Alibi V.24 No.48 • Nov 26-Dec 2, 2015 

A Drinkable Feast

Ballad of the Sad and Fancy

Celebrating Carson McCullers with beer, book and tacos

via marblebrewery.com

Ah, Carson McCullers. Like Billie Holiday, Patsy Cline and Janis Joplin—you just want to grab Carson McCullers and hug her and tell her that everything's gonna be okay (even if that’s a lie). The yarns she spins, usually about small southern towns, are fraught with heartache and redemption—the tiniest human moments illuminating the joys and sorrows of this waking dream called life. A serious and troubled drinker, McCullers was tangled up in a stormy marriage and the subtlety of her work cleverly masks the socially revolutionary spirit behind it. So, to commemorate what, even with Oprah picking one of her novels, remains an unknown yet sizable talent, A Drinkable Feast is proud to sit with a damn fine beer and some tasty vittles to celebrate this extraordinary woman and her work.

via facebook.com/chicharroneria.donchoche

Beer: Marble Brewery’s Que Fancy

“Next to music, beer was best.” McCullers loved beer. To hear the folks at Modern Drunkard tell it, McCullers was on to beer long before she finished high school and at famous lit-scene parties she routinely out drank the New York Yankees. So for Carson we’ll need a highly drinkable pint that packs a punch.

At 7.2%, Marble’s Que Fancy has all you love about their double white (a Belgian-style wheat ale), only it’s been aged in French oak (thanks to help from Milagro Winery and Jubilation Wine and Spirits—que local!). They throw in brettanomyces yeast to bring all the love together, producing a bright, hazy yellow color with the sweet of the oak and the sour of the yeast balancing each other out perfectly. It’s got style, it’s got class and, like McCullers herself, it’s full of elegant surprises.

A Drinkable Feast is proud to sit with a damn fine beer and some tasty vittles to celebrate this extraordinary woman and her work.

Book: Ballad of the Sad Café

McCullers’ novella centers on a tough-as-nails (I see her as a hard-scrabble yet dignified Tilda Swinton-esque type) proprietor of the titular cafe, a woman every bit the equal (if not vastly superior in spirit and character) to all the small town’s men. A whispered tale of love gone wrong has our heroine living out a lonesome existence until the arrival of a mysterious little stranger upsets the fragile balance she’s rebuilt of her life. The familiar themes of the haunting absence of love and companionship resonate in this book (and most of her books), as this wayward menagerie of misfits and fuck-ups band together to stave off their loneliness in a quiet, touching and eventually brutal narrative … one that, at turns, you’ll wish you were part of, then rejoice that you’re safe from, leaving you to marvel at McCullers’ tremendous control.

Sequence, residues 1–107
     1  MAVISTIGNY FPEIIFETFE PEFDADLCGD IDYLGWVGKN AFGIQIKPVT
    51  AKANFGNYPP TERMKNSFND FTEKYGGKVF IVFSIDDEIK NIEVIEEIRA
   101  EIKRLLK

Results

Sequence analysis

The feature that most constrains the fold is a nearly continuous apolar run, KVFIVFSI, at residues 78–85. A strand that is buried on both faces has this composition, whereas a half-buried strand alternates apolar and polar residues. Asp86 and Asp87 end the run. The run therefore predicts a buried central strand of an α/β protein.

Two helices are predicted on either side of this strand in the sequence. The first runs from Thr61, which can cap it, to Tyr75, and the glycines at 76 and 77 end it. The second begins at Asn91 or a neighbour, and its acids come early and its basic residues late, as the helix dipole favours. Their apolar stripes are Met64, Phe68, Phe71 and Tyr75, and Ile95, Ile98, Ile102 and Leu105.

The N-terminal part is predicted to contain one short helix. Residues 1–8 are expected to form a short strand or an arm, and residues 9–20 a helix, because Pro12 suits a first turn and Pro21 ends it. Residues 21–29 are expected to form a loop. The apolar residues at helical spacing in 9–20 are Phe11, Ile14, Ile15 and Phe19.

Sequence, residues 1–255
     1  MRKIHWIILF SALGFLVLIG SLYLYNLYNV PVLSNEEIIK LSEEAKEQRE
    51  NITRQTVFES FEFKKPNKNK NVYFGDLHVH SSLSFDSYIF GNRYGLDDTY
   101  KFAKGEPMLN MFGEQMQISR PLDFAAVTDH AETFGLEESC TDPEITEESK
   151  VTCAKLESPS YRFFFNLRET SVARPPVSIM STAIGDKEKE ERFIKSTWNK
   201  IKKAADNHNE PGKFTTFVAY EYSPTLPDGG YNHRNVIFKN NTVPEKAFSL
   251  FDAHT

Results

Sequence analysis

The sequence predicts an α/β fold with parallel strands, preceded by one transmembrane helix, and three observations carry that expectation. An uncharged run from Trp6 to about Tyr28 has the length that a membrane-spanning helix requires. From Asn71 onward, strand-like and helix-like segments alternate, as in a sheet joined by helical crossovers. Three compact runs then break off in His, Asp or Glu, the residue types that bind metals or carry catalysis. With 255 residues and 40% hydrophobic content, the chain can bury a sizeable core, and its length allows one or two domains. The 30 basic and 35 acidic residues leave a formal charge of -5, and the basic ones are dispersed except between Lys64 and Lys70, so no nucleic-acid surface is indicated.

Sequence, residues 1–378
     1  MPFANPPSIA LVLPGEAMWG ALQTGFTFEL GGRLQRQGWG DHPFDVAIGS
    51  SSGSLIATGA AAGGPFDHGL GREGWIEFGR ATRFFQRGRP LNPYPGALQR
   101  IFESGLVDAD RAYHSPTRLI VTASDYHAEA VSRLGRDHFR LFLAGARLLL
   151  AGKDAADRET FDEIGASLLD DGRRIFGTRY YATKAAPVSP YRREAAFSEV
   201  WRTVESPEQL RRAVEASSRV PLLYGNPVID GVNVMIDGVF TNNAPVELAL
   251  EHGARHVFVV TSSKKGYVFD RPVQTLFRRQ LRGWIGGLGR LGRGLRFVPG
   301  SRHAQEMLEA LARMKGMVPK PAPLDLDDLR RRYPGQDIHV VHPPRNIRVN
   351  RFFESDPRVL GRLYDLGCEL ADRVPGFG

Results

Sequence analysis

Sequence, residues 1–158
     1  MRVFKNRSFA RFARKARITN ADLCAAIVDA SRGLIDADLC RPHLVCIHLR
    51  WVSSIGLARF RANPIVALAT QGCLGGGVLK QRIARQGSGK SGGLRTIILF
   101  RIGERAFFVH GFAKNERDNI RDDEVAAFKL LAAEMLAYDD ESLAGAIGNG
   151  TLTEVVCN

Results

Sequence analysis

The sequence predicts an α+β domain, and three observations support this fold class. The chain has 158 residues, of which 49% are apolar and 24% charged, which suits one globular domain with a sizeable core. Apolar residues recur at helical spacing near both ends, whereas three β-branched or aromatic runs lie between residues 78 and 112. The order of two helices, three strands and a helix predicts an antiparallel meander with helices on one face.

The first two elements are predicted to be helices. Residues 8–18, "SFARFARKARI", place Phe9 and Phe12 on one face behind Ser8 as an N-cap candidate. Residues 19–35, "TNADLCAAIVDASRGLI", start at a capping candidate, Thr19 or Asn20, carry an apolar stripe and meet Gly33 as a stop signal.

The Ballad of the Sad Cafe
The Ballad of the Sad Cafe

Food: Tacos from Chicharroneria Don Choche (facebook.com/chicharroneria.donchoche/)

Here at ADF, we can think of no better way to close out the fall than with tacos. There are tacos aplenty to be found all across the Duke City and Don Choche’s can hang with any of them. Wrapped in flash-fried corn tortillas and served in fours, most are dressed with fresh cilantro and onions plus a slice of radish. You can add to them with your choice of three different hot sauces (a red, a green and a yellow—like traffic lights). I spent the extra coin to sample four different tacos instead of committing to just one. The asada was finely chopped yet terrifically juicy; the barbacoa tender and torn in small chunks; the carnitas had just the right amount of crisp and chew to them; and the chicharron en salsa verde was smooth and packed with flavor. Between the sauces, and between the tacos, I honestly couldn’t pick a winner. I spent the entire plate trying each taco in each sauce and came to one conclusion: Just like McCullers’ entire catalog, you basically can’t go wrong!

McCullers bravely and matter-of-factly dealt with the antiquated ideas and social tenets of the 1940s and 1950s in a way that was very clearly taboo. Brimming with the delusional and deluded, her work celebrated, in quiet and subtle ways, those haunted and marginalized people suffering at the hands of the status quo. She turned her unflinching gaze on the southern United States without cruelty, but also without apology. For this writer’s money, she's every bit the equal of Tennessee Williams and vastly more readable than the more academic Faulkner. So y'all literary misfits draw up a chair, grab yourself some medicine, help yourself to some vittles and revel in McCullers’ criminally under-appreciated talent, ya hear?